GREENWOOD VILLAGE, Colo. (AP) -- Molycorp Inc. said Wednesday that revenue and cash flow will be significantly lower than expected in the first half of 2013 and it must raise more money to cover an expected cash shortfall this year of about $250 million.
Shares fell $1.27, or 14 percent, to $7.56 in premarket trading. The stock is down 69 percent over the past 12 months.
The company has long been working to expand its Mountain Pass open-pit mine in San Bernardino County, Calif., which it said earlier this month has become operational. That process has taken longer than it expected, crimping production volumes. Meanwhile, prices for the rare earth minerals it produces have dropped significantly, hurting sales.
Rare earth minerals are used in consumer electronics and other products.
Molycorp plans to sell up to $345 million in new stock and convertible senior notes for capital spending. Selling new shares makes existing shareholders' stakes less valuable.
The company, which is based in Greenwood Village, Colo., said the modernization work at Mountain Pass is now expected to cost $1.42 billion, up from an original forecast of $1.2 billion and a November revision to $1.25 billion. Molycorp said it had run into additional cost pressures, and that efforts to control costs within budget had not worked.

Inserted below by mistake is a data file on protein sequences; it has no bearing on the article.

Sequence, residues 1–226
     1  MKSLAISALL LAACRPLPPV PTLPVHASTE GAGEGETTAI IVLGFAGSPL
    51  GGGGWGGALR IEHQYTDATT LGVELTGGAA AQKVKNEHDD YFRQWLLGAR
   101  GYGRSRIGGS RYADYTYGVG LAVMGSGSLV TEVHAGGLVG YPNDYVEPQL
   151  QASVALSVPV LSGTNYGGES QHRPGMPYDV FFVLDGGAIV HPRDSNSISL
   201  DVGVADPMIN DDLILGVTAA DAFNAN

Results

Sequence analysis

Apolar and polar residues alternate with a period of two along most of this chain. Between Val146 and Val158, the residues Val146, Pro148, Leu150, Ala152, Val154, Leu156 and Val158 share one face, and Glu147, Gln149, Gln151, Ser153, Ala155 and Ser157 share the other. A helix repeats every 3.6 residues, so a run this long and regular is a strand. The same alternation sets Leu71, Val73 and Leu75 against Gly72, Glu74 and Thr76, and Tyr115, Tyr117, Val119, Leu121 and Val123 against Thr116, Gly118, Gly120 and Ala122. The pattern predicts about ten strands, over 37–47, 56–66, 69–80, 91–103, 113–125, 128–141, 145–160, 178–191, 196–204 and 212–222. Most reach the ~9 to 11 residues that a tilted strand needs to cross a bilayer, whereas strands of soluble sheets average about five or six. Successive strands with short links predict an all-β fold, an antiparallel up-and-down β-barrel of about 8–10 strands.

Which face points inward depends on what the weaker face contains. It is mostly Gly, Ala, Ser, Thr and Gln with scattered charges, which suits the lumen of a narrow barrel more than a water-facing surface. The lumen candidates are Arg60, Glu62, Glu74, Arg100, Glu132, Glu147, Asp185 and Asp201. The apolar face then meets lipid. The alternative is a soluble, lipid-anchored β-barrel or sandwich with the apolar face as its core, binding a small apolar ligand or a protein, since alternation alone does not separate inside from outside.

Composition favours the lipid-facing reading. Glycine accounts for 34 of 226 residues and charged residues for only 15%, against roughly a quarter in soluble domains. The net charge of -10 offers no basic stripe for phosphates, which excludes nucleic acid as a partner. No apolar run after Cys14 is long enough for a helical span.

It has $200 million of cash — but needs to spend $380 million for the remaining modernization work and another $50 million on other maintenance and expansion spending in 2013. That, combined with the company's expected cash flow, gives it a shortfall of $250 million this year.
In order to fill that gap and continue funding its Mountain Pass expansion, Molycorp plans to offer $200 million in common stock and $100 million in 2018 notes. If the banks managing those offerings buy additional stock and debt, that would increase to $230 million in stock and $115 million in notes.